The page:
Rosemary Green’s father was an electrical engineer, and she also wanted a “solid career” where she would always be able to support herself.

“I was interested in what I could see and touch, understanding why a wall stood and did not fall, or how a roadway was constructed from different points and met accurately in the middle. I was considering architecture, but decided I wasn’t creative enough.”

Her older sister suggested she apply for college as a liberal arts major and then switch majors once she was accepted, so she did and immediately transferred to engineering.

“The classes were hard, so you had to plug away day by day. My first roommate was applying to veterinary school, so she was always studying, too.”

Green has 10 siblings, so helping with school expenses was another consideration. “I signed up for the co-op program which solidified that I was on the right career path. I really liked being around construction and people who were solving problems.”

Eager to start her career now, she was pleasantly surprised to find companies were eager to hire female engineers. “I was getting two or three interviews for every one that my male classmates were getting.

“I was given many opportunities, first in engineering and construction for power stations, then in field offices for power distribution groups. I hit the industry at the right time, following advances made by women before me and men who wanted to see women succeed in the field.”

Green is a deputy director and supervises water treatment and distribution, wastewater treatment, engineering services and capital improvement projects.

Amanda Bickel was always interested in how things worked and how they were built. Acquiring her civil engineering degree was her goal. “I was working full-time as a land surveyor and taking evening classes. As a woman and new to engineering, it was initially a challenge as I was not always taken seriously in this field and struggled to find positions where you can have an opinion in the decision-making process.”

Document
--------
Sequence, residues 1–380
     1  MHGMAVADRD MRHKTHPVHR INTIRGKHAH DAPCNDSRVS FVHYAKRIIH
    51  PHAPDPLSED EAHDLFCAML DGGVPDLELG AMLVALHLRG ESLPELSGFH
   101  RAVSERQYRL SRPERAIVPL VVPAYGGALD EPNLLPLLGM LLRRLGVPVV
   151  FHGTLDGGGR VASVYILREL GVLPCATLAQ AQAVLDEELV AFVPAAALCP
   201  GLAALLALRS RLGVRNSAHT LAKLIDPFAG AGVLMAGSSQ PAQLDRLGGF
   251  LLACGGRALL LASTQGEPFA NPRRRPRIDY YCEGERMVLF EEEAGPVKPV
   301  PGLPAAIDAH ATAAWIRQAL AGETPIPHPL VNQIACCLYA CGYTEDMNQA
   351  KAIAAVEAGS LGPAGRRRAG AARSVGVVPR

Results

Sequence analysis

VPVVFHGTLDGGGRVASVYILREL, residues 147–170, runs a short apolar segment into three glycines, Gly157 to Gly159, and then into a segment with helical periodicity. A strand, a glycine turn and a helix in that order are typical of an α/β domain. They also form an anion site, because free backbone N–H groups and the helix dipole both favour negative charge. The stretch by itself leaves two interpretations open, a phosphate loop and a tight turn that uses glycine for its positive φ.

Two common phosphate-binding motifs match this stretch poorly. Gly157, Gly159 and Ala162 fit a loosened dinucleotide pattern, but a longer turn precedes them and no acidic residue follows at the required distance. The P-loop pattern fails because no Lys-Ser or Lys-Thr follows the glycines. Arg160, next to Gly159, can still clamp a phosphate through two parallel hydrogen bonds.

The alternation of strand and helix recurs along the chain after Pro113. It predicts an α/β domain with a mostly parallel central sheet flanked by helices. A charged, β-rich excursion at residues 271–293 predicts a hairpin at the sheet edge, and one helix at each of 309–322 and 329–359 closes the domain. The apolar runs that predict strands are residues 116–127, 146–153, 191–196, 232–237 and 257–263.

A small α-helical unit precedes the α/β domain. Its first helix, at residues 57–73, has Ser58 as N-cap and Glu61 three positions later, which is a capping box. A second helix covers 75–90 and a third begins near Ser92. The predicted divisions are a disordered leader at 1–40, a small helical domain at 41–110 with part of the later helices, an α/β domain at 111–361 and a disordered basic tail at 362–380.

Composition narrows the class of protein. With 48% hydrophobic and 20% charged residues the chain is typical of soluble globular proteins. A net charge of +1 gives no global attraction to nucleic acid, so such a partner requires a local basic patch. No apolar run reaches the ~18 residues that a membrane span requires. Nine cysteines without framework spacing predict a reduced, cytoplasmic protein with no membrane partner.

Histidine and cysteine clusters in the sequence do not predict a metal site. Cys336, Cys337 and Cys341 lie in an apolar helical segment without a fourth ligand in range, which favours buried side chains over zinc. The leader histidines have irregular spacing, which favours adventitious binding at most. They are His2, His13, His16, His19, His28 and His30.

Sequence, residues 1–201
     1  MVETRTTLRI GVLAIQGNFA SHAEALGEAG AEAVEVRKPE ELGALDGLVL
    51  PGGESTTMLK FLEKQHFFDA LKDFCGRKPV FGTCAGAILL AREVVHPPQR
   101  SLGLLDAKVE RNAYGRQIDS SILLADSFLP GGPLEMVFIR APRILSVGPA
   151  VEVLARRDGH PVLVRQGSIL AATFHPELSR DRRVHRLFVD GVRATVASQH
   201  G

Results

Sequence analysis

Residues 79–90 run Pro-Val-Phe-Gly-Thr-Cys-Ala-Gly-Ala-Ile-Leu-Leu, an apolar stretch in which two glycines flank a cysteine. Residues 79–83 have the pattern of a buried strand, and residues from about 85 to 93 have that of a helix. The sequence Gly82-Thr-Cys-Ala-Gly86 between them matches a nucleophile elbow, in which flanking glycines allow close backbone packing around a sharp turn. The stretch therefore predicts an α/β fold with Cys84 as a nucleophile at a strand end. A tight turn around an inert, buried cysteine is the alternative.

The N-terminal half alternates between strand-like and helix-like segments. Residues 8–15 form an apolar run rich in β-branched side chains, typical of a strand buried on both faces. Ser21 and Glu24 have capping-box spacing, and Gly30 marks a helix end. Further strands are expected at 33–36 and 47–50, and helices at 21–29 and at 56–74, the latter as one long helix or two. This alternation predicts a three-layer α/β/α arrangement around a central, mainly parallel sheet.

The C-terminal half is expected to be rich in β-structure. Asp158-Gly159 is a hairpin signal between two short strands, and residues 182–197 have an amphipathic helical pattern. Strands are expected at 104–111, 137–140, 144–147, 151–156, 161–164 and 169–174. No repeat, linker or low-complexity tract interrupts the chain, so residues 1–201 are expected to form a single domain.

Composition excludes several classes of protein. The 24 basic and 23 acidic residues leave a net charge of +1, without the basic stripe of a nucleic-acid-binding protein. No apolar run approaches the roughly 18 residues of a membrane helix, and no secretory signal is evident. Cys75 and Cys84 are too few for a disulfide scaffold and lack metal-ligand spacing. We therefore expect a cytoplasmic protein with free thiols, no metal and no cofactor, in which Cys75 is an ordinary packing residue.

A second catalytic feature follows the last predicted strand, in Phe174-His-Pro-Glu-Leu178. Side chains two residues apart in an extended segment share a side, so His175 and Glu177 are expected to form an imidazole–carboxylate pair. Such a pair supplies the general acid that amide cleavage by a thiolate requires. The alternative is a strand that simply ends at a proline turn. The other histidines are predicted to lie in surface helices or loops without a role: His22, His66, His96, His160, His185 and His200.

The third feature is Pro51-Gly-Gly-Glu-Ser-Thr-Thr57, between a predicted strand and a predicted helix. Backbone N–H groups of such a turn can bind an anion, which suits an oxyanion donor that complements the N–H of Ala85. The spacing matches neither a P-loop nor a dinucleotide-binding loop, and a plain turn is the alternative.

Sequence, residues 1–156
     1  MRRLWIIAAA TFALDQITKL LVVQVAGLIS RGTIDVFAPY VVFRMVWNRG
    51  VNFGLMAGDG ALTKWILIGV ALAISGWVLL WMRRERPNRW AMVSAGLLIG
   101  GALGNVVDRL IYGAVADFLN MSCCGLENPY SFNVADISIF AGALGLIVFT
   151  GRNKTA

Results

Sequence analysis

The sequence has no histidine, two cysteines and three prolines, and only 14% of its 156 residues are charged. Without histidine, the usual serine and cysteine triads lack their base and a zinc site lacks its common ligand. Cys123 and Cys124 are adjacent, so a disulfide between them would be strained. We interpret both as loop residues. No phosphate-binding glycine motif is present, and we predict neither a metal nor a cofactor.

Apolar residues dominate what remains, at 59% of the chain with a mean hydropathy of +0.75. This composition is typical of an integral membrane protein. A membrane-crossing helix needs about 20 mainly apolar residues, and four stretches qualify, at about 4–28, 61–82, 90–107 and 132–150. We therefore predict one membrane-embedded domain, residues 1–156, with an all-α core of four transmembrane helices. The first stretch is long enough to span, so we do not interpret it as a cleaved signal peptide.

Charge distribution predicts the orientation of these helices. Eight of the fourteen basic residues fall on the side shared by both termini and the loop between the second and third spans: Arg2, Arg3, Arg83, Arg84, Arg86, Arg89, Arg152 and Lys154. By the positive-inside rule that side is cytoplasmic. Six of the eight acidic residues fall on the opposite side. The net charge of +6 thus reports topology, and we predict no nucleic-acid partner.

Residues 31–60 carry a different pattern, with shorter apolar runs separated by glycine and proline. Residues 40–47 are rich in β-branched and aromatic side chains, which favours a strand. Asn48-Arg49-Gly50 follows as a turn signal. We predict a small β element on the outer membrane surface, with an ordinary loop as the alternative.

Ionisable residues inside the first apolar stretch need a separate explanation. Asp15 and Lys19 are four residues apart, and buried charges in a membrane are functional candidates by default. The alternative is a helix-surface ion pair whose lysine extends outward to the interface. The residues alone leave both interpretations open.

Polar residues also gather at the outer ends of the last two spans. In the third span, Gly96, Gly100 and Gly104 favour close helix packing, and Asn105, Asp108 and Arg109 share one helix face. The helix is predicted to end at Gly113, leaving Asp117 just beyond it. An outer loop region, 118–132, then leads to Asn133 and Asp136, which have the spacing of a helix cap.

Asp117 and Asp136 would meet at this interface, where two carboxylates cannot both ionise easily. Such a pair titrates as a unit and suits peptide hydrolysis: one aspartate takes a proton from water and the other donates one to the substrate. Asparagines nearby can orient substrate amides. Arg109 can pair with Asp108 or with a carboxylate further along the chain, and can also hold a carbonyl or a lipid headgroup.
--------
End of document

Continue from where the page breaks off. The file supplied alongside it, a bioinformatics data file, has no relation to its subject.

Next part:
Bickel has been with the city three years and is an engineer in gas distribution where she supports design, planning, construction, operation and maintenance.

Surani Olsen chose environmental engineering because she wanted to solve pollution problems. “Because of the visible environmental pollution around Indonesia where I grew up – emissions from buses, cars, and river pollution – I felt clean air, clean water and a clean living environment were our basic needs.”

Her biggest challenge was completing her undergraduate research project at the same time she was working as a tutor to pay for her tuition. Finding an entry level environmental engineering job was the next challenge, as well as passing the professional engineer licensing exams.

Olsen is a project management analyst in Stormwater.

Jennifer Hatchett enjoyed math in high school and loved solving complex problems. “My dad’s friend was an engineer in the wastewater industry and I got interested in engineering talking to him. I interned for him one summer during college.”

Engineering school was a challenge. “There were times I really thought, this is too hard!” she remembered. None of her friends were in engineering, so she had to stay focused. “I was with mostly males in school, which was sometimes daunting. And that was the same issue when I started working. There weren’t many women in the places I worked.”

Hatchett was a project and area manager for a global engineering company, before coming to DPU where she oversees stormwater and wastewater collections.

Sarah Deitz wanted to become an environmental engineer to “apply environmental concepts to improve surrounding communities. I always enjoyed science, and this was a way to apply it in a positive way.” Her biggest challenge was creating a network of mentors in the engineering field. “Having a supportive network is priceless,” she says. A recent hire at DPU, Deitz is an engineer in water resources.

(left) Rosemary Green (top row) Amanda Bickel, Janice Bailey, Susan Hamilton (bottom) Jennifer Hatchett, Sarah Deitz, Surani Olsen

Wednesday, October 31, 2018

Citizens Academy Highlights 2018

To view as a slideshow, click on the first photo.

Our Neighors Visit the Water Plant

On Imagine a Day Without Water day, Oct. 10, 2018, we invited our neighbors who live around the Water Plant to come in for a tour. We had nearly 40 people register and 32 show up. Here's what we saw!

To view photos as a slide show, click on the first one.

Can you tell the difference between city water and bottled water?